My grandfather died last night. He was 96 years old, so he lived a good, long life. He passed during the night so at least it was peaceful, and I am truly grateful that it wasn’t as a result of Covid, especially because he lived in a senior living facility. But now, with that, all of my grandparents are gone.
I know I’m lucky to have had grandparents alive so late into my life. I’m not really grieving, per se, either; he didn’t die tragically young and had reasonably good health until the end, despite having survived both cancer and a stroke in earlier years.
But what it does lead me to think about is my views on death and my views on faith in particular. And after a decade or more of trying to twist my mind into believing in Christianity, I’ve come to realize that I actually believe something else instead and it brings me comfort.
Several months ago, my husband and I were discussing religion and I was talking about what I believed. He said I sounded Shinto, which I knew little about. It turns out it’s the religion of indigenous Japan and actually, he was right—it’s very, very close to what I believe.
The religion has no dogmas or sacred texts. It finds “the way of the kami” (or sacredness or “the gods”) in everything, from nature to animals. It believes that most people are inherently good (as do I) and the exceptions have been influenced by evil spirits. There’s a lot of overlap with Buddhism as well, which I’ve also been drawn to for decades.
It’s also really big on honoring ancestors and many Japanese people have the habit of putting out a small bowl of rice or other food as a way to share them with the ancestors. While there was a time when I would have found that a little hokey and rolled my eyes at it, I’m at a point in my life where I like it.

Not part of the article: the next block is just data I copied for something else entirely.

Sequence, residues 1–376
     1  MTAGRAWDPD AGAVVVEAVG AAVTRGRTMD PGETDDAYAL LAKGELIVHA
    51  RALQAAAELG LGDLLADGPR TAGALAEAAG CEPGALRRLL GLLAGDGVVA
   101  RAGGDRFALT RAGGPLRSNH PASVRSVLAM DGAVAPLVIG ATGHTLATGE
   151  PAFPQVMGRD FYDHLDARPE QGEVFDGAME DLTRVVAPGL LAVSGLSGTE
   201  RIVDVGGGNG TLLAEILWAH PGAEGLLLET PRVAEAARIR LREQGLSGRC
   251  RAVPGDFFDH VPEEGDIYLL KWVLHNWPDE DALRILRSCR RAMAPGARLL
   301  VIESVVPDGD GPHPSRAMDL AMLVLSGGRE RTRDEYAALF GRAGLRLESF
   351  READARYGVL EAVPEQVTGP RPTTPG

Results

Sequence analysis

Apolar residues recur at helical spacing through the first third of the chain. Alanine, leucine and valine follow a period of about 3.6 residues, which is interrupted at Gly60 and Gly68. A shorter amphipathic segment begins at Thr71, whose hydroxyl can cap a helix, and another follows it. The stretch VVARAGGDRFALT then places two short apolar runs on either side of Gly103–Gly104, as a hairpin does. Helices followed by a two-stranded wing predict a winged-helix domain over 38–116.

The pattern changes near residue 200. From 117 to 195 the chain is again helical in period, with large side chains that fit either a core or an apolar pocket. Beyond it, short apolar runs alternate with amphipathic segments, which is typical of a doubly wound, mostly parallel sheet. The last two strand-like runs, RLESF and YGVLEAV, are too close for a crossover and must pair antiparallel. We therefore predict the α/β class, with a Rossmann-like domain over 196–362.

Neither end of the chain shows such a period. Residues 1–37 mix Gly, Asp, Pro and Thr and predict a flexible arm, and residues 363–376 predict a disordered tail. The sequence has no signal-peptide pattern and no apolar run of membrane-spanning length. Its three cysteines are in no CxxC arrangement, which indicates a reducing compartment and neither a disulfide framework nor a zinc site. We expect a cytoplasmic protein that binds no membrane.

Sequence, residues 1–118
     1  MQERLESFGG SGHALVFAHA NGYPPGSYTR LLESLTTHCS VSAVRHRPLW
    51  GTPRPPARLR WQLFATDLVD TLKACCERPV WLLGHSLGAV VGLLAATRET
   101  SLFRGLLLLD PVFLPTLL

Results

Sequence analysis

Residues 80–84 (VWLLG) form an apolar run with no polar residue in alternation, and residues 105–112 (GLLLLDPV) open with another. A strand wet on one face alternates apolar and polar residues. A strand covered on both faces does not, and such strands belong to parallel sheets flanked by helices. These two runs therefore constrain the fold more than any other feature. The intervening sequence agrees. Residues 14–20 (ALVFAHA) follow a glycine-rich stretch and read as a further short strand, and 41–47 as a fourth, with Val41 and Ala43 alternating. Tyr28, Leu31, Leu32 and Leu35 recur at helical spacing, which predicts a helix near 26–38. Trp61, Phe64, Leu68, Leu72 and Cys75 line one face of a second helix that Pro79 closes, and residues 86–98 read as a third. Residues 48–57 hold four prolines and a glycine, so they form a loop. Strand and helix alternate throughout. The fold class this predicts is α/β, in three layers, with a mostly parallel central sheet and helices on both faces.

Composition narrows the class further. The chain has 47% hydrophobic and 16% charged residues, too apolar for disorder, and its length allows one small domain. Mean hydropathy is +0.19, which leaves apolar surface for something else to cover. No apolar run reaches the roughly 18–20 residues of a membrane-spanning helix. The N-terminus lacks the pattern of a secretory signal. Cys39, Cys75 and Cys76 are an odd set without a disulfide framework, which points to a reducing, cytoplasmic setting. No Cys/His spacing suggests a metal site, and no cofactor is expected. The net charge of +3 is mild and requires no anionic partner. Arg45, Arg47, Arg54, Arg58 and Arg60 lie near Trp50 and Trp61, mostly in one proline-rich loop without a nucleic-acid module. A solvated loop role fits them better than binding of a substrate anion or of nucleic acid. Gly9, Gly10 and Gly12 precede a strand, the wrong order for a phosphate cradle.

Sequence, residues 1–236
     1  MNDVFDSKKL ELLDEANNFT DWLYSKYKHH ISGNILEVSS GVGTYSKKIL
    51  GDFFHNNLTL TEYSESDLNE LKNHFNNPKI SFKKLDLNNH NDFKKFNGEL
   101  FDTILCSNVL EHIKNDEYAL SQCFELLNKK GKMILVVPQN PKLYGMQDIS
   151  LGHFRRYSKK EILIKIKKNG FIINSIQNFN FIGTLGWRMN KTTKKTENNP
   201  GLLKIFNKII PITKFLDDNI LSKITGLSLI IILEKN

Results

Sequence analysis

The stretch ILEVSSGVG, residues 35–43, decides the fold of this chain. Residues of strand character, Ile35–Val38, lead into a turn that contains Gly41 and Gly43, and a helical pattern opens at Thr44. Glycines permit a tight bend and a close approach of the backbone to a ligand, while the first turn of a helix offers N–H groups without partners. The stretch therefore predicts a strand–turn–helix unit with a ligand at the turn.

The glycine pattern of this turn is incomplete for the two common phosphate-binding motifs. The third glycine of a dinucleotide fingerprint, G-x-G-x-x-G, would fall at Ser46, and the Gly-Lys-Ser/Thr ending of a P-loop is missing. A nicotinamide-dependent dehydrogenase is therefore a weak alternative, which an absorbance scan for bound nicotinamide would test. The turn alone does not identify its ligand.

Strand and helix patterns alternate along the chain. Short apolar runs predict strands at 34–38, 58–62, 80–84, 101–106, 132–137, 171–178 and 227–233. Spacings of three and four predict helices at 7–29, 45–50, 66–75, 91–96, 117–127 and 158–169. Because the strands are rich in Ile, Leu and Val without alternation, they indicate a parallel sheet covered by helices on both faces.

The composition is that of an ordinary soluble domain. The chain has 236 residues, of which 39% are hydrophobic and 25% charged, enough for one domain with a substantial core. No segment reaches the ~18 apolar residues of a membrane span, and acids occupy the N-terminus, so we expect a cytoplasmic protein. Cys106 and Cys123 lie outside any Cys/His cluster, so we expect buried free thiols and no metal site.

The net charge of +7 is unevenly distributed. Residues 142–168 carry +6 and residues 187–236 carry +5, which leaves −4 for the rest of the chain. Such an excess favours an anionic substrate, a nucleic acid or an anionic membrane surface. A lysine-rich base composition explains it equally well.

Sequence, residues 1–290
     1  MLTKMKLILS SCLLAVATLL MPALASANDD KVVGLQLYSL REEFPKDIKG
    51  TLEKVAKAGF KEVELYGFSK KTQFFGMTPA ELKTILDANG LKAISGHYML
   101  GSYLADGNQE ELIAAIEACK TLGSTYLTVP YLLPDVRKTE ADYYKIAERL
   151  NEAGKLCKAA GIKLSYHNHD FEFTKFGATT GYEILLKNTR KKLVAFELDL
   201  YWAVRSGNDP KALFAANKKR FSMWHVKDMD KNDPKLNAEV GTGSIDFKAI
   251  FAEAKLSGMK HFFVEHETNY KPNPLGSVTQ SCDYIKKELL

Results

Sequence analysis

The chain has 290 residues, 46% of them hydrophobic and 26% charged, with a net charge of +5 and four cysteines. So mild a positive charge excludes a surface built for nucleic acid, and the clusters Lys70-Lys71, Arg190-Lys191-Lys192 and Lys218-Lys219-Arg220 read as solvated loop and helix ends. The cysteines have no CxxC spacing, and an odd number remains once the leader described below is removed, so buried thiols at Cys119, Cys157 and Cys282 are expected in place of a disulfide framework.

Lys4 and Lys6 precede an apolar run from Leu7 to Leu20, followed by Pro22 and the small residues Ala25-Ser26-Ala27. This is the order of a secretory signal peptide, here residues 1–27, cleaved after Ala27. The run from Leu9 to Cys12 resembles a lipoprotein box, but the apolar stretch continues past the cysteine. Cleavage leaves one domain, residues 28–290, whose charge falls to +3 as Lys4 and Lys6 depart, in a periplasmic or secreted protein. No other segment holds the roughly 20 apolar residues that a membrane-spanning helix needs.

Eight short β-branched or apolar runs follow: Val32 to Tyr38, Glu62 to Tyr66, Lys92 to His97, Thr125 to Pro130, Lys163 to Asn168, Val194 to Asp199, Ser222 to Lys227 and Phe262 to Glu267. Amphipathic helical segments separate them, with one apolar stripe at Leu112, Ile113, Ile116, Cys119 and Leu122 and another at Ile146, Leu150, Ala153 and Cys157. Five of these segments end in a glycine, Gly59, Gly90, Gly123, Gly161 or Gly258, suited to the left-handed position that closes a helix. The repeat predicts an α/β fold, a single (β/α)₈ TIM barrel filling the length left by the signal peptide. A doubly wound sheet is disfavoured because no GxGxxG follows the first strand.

I didn’t have a close relationship with most of my relatives who have passed, so I didn’t have warm feelings about many of them. But I did have warm feelings toward my grandpa who just passed (who was my dad’s father) and toward my maternal grandmother. When I think of the idea of setting out a bowl of food for my ancestors, I think of them, and it’s like inviting their spirits to stick around.
Shinto practitioners are also big on having shrines and Amy commented that after I lost my cat Cammy (who was very unique and special to me) that it seemed like I had built him a shrine. It was just something I was compelled to do. I do think he had a spirit and I think his spirit is still with me in some way.
It’s kind of interesting, though, that the reason my husband knew about the existence of Shinto is likely because he’s such a fan of Japanese culture. In general, I am not as much of a fan as he is. But one of my goals is to save enough money that we can take a trip to Japan together. (I hesitate to write the words “before he dies,” even though that’s true and it gives the goal some urgency.)
Shinto practice is also big on good luck talismans called omamori, as well as on divination. I’ve always had a fondness for good luck talismans and I was drawn to divination even when the Christian traditions told me it was wrong.
Ultimately, all religions come down to what you can believe in and what brings you comfort. It doesn’t matter if it sounds ridiculous to people who don’t believe. And I’m relieved to finally find out that there’s already a name for what I believe. Even more than that, I’m thankful that I’ve come out of the phase of deconstructing Christianity and landed in a place where my beliefs don’t require so much mental gymnastics to maintain.